2) Use one software. As I said, I'm 100% a diehard ARCHICAD user and am always happy to talk to anyone about it via e-mail, in person, or over the phone. I don't just drink the Koolaid, I help make it. BUT....Find the ONE software that's right for your firm and use that. Don't use two. Or three. Revit can do everything you want to do, both 2D and 3D. ARCHICAD can do everything you want to do, both 2D and 3D. Vectorworks can too. Just pick one (or look at another complete BIM software). One software package, regardless of what it is, is a better business decision than relying on 2 or 3 different ones. For larger firms, they might have multiple BIM programs in the office for various reasons. But for most of us, we need to focus on one. We need all our employees to be able to speak the same language. We need them to be able to jump from project to project and help each other. And it's best to have a software expert in-house. The more programs you have the more demand you put on that person (or persons if they can't be a master of multiple overlapping production software).

    3) If you have the capacity, try out multiple programs. Give each a chance.

    4) Pick the software that works best for your firm and your employees. Don't pick a software based on popularity.

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    Jared Banks AIA
    Shoegnome, LLC
    Seattle, WA

    If you're not following CRAN on Twitter ( https://twitter.com/AIA_CRAN ) or Facebook ( https://www.facebook.com/AIACRAN/ ), you should. We post lots of news and interesting stuff pretty much daily.
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  • 11.  RE: ArchiCAD and the Bigger Question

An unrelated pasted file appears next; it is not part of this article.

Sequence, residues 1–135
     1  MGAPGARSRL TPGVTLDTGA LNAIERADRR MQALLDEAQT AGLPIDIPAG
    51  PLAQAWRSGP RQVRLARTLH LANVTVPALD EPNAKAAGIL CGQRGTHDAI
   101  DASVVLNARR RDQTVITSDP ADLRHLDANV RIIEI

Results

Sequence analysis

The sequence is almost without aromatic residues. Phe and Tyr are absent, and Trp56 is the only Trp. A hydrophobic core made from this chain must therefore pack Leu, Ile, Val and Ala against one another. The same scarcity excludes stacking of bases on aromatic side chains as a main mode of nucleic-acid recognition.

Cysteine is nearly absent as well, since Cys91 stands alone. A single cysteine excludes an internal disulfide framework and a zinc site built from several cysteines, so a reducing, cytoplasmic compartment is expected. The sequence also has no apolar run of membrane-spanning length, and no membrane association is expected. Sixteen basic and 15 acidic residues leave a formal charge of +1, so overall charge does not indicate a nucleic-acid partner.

Posted 07-28-2017 18:09
    Lloyd Architects is a 12 person Custom Residential firm and we have moved our workflow to ArchiCad from Revit (and previously Vectorworks). We made the move to utilize the full potential of BimX modeling in our production software. As a Mac based office, we were also tired of dealing with VM Ware, or Parallels to run a windows based program. We have been SO satisfied with the results. Our CD sets are better coordinated, and our clients love the ability to have a viewable 3b model early on in the design process.
    I was concerned about training of staff, and it was definitely a learning curve for our existing staff to become efficient the ArchiCad, but  in just over a year into it we are happy with the results and feel that we communicate better with our clients to visualize ideas. 
    The program is not cheap. but if you evaluate your total labor costs, having a well engineered tool like saves in the long haul. 
    I can recommend that you demo a version to evaluate.   Good luck,

    Warren


    ___

     

    WARREN K. LLOYD, AIA LEED AP

    Principal

     

    801.328.3245  /  c 801.541.2055

    573 East 600 South

    Salt Lake City, UT 84102

    Website / Instagram / Building from Here







  • 12.  RE: ArchiCAD and the Bigger Question

    Posted 07-29-2017 11:10